After radiocarbon dating of plant matter, wood and wood charcoal, scientists estimate that the presumed histories of several key indigenous sites in Canada, as relates to first contact with Europeans, are incorrect by about 50 to 100 years.
The findings suggest that European trade goods previously used to date individual locations are not in fact good chronological markers and that the history of notable “contact-era” events in northeastern North America during the 15th to early 17th centuries may need to be revaluated.
Many aspects of American history were affected when Europeans first encountered indigenous communities in North America. To date, most of what historians know about pre- and early-contact era events comes from dating archeological artifacts – particularly metalwork and glass beads.
Typically, experts have made assumptions about the chronology of late Iroquoian sites based on the presence or absence of these indicators, and not on independent dating evidence. For example, if a site lacks European objects, it is usually presumed to date to the 1500s.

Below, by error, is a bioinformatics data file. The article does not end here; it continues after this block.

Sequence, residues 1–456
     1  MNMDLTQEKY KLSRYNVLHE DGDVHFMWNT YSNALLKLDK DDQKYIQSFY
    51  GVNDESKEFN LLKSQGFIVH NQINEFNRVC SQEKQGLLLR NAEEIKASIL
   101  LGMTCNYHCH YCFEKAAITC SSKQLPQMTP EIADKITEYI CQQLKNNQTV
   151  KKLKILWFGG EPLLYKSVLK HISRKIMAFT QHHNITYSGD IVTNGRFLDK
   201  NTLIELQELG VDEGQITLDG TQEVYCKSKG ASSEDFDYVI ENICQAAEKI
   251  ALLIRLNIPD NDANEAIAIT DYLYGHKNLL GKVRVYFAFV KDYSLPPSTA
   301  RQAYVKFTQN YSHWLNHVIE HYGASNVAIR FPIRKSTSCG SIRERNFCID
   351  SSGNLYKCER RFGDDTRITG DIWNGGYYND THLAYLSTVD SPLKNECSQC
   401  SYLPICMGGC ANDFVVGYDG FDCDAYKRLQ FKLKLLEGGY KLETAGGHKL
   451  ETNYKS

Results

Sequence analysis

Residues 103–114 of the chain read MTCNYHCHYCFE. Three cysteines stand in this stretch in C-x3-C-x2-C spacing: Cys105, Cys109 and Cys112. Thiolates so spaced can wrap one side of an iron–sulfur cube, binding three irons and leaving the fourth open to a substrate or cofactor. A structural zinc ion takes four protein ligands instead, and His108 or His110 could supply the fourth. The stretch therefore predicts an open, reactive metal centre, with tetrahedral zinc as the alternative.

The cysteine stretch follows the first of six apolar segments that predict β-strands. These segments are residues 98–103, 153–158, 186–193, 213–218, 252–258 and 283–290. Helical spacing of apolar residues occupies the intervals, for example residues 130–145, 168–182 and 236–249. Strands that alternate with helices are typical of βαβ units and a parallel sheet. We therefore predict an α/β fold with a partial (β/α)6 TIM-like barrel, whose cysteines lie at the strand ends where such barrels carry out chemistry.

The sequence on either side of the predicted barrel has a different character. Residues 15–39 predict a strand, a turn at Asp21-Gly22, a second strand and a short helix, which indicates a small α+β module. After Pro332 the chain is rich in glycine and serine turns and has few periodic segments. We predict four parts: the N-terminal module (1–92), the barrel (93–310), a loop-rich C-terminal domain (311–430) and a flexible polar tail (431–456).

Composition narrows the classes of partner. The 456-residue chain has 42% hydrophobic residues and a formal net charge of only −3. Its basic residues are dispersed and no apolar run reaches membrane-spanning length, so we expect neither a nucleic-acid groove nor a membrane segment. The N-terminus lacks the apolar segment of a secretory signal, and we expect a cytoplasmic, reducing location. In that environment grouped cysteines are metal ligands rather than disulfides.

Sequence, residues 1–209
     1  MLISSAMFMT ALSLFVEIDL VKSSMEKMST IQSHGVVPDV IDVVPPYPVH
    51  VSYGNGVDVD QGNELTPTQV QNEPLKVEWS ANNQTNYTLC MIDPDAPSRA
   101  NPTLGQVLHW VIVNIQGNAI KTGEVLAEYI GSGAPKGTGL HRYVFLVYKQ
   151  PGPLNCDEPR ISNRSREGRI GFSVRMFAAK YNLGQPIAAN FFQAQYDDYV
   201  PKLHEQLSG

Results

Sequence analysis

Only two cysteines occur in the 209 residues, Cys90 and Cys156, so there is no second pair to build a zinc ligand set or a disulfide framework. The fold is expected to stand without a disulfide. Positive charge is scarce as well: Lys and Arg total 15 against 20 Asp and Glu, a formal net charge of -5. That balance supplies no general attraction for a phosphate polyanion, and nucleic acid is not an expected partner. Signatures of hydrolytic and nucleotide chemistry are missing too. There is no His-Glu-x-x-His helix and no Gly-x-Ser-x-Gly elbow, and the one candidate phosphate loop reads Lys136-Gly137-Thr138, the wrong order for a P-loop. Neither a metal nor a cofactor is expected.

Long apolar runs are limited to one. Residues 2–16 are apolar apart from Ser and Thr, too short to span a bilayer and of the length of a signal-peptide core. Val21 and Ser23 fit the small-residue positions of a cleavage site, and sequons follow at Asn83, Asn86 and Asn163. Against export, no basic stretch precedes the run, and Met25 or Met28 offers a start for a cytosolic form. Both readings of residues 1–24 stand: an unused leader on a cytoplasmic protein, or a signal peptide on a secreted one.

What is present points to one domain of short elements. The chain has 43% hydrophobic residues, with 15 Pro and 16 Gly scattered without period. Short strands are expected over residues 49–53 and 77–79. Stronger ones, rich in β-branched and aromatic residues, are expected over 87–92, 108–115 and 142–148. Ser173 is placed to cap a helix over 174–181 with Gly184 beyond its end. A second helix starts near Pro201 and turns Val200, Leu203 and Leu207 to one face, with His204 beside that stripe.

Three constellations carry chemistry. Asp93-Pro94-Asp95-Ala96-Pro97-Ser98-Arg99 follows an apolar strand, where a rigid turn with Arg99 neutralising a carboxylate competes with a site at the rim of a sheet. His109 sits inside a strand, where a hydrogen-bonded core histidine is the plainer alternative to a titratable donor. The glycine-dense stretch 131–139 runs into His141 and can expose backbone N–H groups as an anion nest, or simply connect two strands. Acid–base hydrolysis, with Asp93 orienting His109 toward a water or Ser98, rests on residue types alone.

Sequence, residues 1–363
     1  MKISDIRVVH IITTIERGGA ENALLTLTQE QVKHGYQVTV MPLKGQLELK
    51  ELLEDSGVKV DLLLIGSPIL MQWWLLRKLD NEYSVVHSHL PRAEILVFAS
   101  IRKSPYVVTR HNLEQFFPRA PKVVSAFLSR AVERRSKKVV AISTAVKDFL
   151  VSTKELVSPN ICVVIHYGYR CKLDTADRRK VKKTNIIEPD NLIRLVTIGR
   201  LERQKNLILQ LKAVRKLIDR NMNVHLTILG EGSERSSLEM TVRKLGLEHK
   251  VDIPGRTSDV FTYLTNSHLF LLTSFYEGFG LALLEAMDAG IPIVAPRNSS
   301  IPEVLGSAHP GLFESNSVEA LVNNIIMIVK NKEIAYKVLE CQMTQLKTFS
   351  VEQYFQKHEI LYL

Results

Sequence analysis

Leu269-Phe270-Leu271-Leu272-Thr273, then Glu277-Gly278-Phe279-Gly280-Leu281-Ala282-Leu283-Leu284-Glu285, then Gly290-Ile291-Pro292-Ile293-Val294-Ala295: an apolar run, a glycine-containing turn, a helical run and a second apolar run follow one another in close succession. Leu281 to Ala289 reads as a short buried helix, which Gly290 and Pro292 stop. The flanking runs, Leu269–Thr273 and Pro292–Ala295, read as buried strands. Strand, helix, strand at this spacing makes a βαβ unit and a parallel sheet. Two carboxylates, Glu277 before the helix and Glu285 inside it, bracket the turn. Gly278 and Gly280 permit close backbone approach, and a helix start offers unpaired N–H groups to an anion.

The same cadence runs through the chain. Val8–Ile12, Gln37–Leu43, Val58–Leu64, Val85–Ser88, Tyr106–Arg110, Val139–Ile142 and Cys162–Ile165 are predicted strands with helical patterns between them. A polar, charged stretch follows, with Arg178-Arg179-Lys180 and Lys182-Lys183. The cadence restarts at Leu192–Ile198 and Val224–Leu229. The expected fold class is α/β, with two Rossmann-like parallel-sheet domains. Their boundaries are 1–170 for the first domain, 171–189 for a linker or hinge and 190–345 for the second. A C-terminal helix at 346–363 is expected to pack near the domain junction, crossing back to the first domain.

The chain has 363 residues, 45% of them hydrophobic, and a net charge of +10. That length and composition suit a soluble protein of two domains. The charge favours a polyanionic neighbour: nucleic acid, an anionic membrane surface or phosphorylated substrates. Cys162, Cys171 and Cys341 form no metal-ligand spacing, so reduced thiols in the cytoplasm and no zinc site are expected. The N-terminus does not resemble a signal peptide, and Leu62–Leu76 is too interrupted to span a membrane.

While basing historical timelines on archeological artifacts may have been the best approach in the past, accelerator mass spectrometry radiocarbon dating (AMS) can now be used to ascertain independent dating of the sites, Sturt W. Manning and colleagues say.
In this study, the authors obtained organic samples suitable for analysis from four archeological sites in northern Ontario, Canada.
The first site, Warminster, is commonly associated with the Cahiagué village visited by Samuel de Champlain from 1615 to 1616. The three other sites in southern Ontario – Draper, Spang and Mantle – have been previously dated to anywhere from 1450 to 1550, largely based on the absence of European goods in the first two cases (there were a few limited archaeological samples at Mantle).
The researchers used AMS to obtain 86 radiocarbon (14C) dates from the sites’ organic samples. The Warminster site 14C data ranges from 1585 to 1624, which is in line with a possible visit to this site by Champlain around 1615. By contrast, the other sites date about 50 to 100 years later than what is currently assumed.
According to the authors, their findings indicate that the absence of European goods from these sites does not necessarily mean a site should be dated to pre-1500s, likely because European objects did not get distributed uniformly across space or time, they say. Instead, some sites might have received objects while other contemporary sites did not.
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